Final Communique of the AfDB Economic Conference (AEC)

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In the opening remarks to the conference, it was indicated that a major objective of organizing the AEC was to end the disconnect between policy-makers and researchers to arrive at mutually satisfying outcomes. The general concensus is that this objective has largely been achieved.

President Kaberuka of the AfDB started the conference well  on this path when he, using a South African proverb, cautioned us that "until the lions have spoken, the only story to be told will be that of the hunters." I believe that during this conference we were able to listen to both the hunters and the lions. We received words of encouragement from Professor William Lyakurwa, Executive Director of the AERC who spoke to us through the voice of Professor Olu Ajakaiye; from Cheick Modibo Diarra, the Microsoft Africa Chairman, who called for the development of infrastructure across the continent; and from Honourable Slaheddine Jemmali, the Tunisian Secretary of State for Foreign Affairs, who also urged Africa to take charge of its own destiny, adding that intra-African dialogue was necessary for the sharing of experiences.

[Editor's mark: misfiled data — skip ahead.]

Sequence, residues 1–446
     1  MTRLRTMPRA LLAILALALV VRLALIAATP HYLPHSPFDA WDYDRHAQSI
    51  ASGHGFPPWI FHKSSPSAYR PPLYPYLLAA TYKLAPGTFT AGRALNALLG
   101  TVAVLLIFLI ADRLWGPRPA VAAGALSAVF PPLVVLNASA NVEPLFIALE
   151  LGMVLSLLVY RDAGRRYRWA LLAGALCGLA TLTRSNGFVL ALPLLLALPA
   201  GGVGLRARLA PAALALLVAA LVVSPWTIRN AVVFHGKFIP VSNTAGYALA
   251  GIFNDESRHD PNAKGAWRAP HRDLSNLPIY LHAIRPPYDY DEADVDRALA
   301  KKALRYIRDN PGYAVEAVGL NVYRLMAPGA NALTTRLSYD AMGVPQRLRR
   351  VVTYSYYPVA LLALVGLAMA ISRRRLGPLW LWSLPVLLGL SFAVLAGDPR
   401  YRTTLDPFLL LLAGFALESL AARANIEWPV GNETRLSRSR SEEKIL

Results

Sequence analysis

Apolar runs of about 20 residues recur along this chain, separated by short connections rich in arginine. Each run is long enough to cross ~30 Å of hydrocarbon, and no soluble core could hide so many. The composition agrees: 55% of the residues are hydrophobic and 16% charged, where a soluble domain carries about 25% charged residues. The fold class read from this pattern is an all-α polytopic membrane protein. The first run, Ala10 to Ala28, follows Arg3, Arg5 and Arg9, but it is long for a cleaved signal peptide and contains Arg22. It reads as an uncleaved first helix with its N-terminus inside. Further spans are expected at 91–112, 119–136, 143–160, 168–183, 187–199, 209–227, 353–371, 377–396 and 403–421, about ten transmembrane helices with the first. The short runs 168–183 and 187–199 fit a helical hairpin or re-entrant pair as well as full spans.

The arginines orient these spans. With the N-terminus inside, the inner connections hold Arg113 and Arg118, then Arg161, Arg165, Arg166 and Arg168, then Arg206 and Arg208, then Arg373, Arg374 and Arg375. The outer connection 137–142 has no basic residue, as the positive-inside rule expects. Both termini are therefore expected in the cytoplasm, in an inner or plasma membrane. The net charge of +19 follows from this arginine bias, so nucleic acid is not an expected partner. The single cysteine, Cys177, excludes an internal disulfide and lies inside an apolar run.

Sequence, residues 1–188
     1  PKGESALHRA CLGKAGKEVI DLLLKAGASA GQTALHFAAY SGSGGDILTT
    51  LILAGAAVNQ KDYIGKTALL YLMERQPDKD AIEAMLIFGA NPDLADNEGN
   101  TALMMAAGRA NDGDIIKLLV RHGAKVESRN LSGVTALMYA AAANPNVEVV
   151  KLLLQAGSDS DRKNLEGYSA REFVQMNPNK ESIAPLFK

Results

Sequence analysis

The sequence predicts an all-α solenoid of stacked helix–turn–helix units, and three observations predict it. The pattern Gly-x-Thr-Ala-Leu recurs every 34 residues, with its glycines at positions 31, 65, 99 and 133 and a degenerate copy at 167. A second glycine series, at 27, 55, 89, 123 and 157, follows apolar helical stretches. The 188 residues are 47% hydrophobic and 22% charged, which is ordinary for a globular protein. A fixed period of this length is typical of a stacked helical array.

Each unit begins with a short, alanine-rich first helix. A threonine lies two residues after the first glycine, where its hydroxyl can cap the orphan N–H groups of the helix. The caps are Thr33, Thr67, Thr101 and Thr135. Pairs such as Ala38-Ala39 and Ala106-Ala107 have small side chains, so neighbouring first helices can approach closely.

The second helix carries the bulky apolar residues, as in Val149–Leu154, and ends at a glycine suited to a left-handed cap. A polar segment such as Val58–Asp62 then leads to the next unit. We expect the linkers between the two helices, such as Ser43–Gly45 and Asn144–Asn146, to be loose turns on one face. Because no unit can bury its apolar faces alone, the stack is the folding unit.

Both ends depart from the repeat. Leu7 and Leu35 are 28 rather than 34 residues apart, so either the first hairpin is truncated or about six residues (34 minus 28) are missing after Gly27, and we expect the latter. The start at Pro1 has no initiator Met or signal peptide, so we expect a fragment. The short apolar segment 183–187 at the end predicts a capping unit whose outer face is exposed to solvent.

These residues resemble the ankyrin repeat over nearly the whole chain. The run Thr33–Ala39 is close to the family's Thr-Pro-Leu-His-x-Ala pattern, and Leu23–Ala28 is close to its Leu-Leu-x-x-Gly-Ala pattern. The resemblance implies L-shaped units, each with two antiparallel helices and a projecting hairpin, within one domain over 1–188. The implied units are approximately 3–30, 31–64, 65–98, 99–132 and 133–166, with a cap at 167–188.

The following gives a brief summary of the outcomes of the conference in terms of the papers presented and the discussions the followed.

In a keynote address, Professor Patrick Guillaumont of CERDI, France, focused on the continent’s economic vulnerability, adding that economic vulnerability was related to growth, poverty reduction and security.

Professor Ji Hong Kim, from Korean Development Institute, cautioned us that while the Korean experience had important lessons for Africa, country specific conditions matter a lot.

Dr. Alan Gelb, from the World Bank explained that growth in Africa during the past decade has been based on natural resources to a large extent; few indigenous investment; and, little progress in the manufacturing sector.